Establishing a community: Networking also allows writers to build a community of like-minded individuals. Writing can be a solitary pursuit and connecting with other writers can provide a sense of belonging, camaraderie, and support. It can also be a source of feedback, motivation, and inspiration.
Staying informed: Networking also helps writers to stay informed about industry trends and developments. By connecting with other writers and industry professionals, writers can learn about new technologies, changes in the industry, and new opportunities that may become available.
If you're unsure where to start, try reaching out to already-established writers or attending events and local writers groups. You can learn a lot form feedback from local writers and maybe even gain some friends who can help you stay accountable on your journey.
6. Choose the right tools
Unless you plan to write with pencil and paper, which is perfectly fine, of course, you're going to need the right tools to get the job done. Luckily for writers, there are hundreds of writing tools available, from the simplest word processors like Google Docs and Microsoft Word to more advanced software, like Scrivener and Campfire.
When you first start looking, it can be a bit overwhelming to choose from all the options. For myself, I started with Microsoft Word, and while it worked for a while, I found I needed something else for organizing my ideas and chapters. For that, I turned to Scrivener and Campfire. I actually have a full article on The Best Novel Writing Software of 2023 if you want a closer look at some of my favorite tools.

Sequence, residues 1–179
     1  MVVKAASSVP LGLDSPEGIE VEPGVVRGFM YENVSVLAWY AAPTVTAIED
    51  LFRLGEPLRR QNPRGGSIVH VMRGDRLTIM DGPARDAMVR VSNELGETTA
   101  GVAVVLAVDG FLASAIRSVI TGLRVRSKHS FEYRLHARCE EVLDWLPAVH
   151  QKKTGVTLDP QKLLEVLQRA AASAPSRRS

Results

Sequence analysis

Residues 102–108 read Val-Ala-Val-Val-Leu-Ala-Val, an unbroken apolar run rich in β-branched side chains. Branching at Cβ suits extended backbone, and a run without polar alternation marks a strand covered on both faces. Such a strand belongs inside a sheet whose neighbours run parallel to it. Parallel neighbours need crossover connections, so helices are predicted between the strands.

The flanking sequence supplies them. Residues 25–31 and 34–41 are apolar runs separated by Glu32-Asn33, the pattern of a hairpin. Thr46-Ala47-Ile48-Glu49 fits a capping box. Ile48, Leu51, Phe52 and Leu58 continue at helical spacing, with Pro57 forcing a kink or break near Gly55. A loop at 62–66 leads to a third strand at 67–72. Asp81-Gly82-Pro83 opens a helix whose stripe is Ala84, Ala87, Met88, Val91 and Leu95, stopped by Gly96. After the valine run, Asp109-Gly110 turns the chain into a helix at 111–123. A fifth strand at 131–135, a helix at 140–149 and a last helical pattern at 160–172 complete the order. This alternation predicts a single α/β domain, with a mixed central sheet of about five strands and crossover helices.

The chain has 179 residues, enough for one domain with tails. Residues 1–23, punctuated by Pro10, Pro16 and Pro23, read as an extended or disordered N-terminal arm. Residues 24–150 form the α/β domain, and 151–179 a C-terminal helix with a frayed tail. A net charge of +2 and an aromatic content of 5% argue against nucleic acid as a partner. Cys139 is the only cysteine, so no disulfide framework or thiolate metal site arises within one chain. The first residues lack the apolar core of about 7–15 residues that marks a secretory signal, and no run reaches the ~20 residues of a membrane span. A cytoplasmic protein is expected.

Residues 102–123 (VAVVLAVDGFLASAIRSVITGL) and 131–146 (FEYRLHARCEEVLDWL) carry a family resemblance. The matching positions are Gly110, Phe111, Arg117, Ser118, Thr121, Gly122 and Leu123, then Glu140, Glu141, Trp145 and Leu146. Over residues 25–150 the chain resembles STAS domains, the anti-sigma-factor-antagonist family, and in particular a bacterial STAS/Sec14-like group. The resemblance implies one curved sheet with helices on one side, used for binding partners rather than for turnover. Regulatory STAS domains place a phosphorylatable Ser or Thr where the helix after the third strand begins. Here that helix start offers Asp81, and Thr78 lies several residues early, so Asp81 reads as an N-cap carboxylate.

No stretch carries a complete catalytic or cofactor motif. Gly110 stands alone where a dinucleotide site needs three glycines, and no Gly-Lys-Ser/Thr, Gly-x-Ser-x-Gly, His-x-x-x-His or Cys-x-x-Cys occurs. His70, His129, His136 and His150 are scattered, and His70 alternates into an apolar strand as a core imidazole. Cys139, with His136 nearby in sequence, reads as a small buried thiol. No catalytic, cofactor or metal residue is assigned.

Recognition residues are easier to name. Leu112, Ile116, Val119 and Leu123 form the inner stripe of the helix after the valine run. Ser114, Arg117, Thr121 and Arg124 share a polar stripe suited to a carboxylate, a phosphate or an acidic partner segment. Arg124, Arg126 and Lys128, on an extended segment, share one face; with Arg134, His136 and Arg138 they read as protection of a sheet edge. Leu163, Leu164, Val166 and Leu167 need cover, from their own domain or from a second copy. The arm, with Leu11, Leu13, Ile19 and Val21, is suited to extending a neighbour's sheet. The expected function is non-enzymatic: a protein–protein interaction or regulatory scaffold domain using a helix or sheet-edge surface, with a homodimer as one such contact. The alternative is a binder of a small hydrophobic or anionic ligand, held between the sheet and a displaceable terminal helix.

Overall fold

Bonus tool: Freedom
One of my favorite tools that I didn't mention on that list, is Freedom. Freedom is software that blocks out apps and websites so you can focus only on your writing. Freedom allows you to set scheduled focus times, block anything you want, and track your sessions. I use it whenever I write to block out social media, tempting apps, and gaming so I can focus. The company is also our first affiliate, so click the link below for your free trial!
Choose tools that help you achieve your goals. If you want to write a screenplay, Scrivener has templates for screenplays that can help you write in the correct format. If you need help with language and grammar, a tool like Grammarly might help. The best thing to remember is that you don't need any of these tools to be a writer! These tools merely exist to help with your productivity and efficiency.
Writing is a special pursuit. It doesn't take a lot of skill to get started, but becoming successful as a writer takes practice, patience, and perseverance. Being a new writer can be intimidating, but remember, you don't have to sound like the famous writers to find a niche and even some success. Construct your own voice, master your language, and always study your craft. Network when you can, and only use writing tools when you need them.